The Letšeng diamond mine in the southern African nation of Lesotho is known for producing large, high-quality gems. As Bloomberg reports, a massive diamond uncovered there recently is the mine's most impressive yet. The 910-carat stone is roughly the size of two golf balls and weighs more than a billiard ball.

The diamond is thought to be the fifth largest ever discovered on Earth. Gem Diamonds Ltd., the company behind the discovery, said in a statement [PDF] that the "exceptional top quality diamond is the largest to be mined to date and highlights the unsurpassed quality of the Letšeng mine."

Beyond its size, the diamond is also remarkable for its purity. The D color Type IIa status means there are little to no nitrogen atoms muddying its color. Though Gem Diamonds hasn't revealed their price, the diamond is likely worth a huge amount: up to $40 million, analyst Ben Davis tells Bloomberg.

That's a steep price, but it's nowhere near the highest ever paid for a diamond at auction. Rare colored diamonds tend to fetch the highest bids: In 2015, the Blue Moon diamond sold for $48.5 million, and in 2017 the Pink Star was auctioned off for $71.2 million, making it the most expensive diamond of all time.

[h/t Bloomberg]

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Space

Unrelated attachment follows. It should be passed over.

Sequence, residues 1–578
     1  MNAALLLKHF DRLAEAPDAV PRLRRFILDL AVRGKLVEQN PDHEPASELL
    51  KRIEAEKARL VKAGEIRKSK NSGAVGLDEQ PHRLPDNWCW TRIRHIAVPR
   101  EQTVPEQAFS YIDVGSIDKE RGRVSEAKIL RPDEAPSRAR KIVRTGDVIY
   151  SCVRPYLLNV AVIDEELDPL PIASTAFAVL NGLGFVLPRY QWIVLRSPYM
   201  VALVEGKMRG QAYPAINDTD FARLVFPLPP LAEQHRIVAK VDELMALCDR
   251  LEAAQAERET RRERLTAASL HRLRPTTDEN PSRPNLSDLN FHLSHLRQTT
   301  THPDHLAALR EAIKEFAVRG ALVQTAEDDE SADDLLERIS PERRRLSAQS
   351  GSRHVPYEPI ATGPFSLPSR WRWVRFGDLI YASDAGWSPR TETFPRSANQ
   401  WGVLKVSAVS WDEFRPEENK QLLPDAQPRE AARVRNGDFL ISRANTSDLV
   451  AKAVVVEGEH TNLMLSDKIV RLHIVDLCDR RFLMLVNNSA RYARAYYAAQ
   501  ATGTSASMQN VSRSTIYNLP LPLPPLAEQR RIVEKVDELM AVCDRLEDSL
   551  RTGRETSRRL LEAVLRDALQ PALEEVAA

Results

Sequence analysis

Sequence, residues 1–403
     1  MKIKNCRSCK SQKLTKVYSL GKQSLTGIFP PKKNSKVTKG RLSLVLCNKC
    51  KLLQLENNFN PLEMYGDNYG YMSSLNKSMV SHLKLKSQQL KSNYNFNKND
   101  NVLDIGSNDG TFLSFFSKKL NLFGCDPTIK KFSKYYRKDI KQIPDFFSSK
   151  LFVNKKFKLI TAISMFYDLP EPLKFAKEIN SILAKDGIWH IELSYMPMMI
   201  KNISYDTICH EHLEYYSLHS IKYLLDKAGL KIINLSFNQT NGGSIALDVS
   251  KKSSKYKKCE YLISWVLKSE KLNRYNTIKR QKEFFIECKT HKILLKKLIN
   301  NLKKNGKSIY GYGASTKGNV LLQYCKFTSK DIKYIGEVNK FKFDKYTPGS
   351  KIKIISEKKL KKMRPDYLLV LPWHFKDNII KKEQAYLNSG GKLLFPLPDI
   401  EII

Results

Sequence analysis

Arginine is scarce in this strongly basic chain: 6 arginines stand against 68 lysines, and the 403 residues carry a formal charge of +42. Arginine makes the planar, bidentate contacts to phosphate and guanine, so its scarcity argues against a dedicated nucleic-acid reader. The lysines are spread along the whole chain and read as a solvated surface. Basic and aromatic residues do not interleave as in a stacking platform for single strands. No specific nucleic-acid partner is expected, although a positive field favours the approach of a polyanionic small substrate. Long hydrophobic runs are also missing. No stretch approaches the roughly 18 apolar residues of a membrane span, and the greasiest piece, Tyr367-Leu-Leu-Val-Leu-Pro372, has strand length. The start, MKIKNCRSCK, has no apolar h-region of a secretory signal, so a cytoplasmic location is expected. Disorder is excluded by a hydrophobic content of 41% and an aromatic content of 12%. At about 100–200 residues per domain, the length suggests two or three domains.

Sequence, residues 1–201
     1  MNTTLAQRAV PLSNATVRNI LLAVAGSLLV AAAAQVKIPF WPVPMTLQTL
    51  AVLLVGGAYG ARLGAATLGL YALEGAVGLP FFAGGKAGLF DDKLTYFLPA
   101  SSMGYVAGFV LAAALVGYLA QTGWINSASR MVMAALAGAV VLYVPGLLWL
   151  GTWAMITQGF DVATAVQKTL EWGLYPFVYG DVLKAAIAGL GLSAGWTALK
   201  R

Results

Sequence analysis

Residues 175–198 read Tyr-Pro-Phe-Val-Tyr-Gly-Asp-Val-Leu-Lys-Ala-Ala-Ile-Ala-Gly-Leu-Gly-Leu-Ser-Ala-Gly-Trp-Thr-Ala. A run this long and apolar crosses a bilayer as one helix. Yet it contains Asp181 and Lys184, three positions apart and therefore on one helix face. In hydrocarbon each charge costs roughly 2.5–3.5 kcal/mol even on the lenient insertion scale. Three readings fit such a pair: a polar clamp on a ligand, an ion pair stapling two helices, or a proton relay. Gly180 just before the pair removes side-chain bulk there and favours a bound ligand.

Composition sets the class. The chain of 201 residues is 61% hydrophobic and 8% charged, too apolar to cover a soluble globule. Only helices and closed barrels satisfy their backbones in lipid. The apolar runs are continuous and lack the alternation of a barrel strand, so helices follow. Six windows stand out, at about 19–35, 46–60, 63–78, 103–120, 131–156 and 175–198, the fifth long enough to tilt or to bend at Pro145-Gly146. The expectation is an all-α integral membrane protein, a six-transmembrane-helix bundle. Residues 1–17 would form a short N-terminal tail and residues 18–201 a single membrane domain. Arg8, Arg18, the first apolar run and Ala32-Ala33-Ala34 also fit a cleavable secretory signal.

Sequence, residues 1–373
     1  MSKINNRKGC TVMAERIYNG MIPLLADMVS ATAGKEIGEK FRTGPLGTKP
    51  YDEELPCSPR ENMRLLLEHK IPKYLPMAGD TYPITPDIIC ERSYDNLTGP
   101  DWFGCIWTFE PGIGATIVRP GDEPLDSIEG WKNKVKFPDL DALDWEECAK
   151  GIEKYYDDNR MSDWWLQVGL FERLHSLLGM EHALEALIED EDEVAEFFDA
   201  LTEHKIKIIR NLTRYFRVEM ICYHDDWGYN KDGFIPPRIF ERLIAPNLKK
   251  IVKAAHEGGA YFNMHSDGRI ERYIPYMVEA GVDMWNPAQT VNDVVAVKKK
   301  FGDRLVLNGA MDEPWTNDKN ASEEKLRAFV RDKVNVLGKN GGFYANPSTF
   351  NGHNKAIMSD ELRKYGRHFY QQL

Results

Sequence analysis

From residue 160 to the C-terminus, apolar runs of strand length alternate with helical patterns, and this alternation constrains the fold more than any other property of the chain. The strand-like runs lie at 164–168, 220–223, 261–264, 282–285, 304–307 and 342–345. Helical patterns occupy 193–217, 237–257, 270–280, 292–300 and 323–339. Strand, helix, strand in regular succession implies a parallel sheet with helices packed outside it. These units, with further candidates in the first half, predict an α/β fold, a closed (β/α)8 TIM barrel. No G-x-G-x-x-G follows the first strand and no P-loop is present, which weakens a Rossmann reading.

Mysterious 'Hypatia Stone' Is Like Nothing Else in Our Solar System
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In 1996, Egyptian geologist Aly Barakat discovered a tiny, one-ounce stone in the eastern Sahara. Ever since, scientists have been trying to figure out where exactly the mysterious pebble originated. As Popular Mechanics reports, it probably wasn't anywhere near Earth. A new study in Geochimica et Cosmochimica Acta finds that the micro-compounds in the rock don't match anything we've ever found in our solar system.

Scientists have known for several years that the fragment, known as the Hypatia stone, was extraterrestrial in origin. But this new study finds that it's even weirder than we thought. Led by University of Johannesburg geologists, the research team performed mineral analyses on the microdiamond-studded rock that showed that it is made of matter that predates the existence of our Sun or any of the planets in the solar system. And, its chemical composition doesn't resemble anything we've found on Earth or in comets or meteorites we have studied.

Lead researcher Jan Kramers told Popular Mechanics that the rock was likely created in the early solar nebula, a giant cloud of homogenous interstellar dust from which the Sun and its planets formed. While some of the basic materials in the pebble are found on Earth—carbon, aluminum, iron, silicon—they exist in wildly different ratios than materials we've seen before. Researchers believe the rock's microscopic diamonds were created by the shock of the impact with Earth's atmosphere or crust.

"When Hypatia was first found to be extraterrestrial, it was a sensation, but these latest results are opening up even bigger questions about its origins," as study co-author Marco Andreoli said in a press release.

The study suggests the early solar nebula may not have been as homogenous as we thought. "If Hypatia itself is not presolar, [some of its chemical] features indicate that the solar nebula wasn't the same kind of dust everywhere—which starts tugging at the generally accepted view of the formation of our solar system," Kramer said.

The researchers plan to further probe the rock's origins, hopefully solving some of the puzzles this study has presented.

[h/t Popular Mechanics]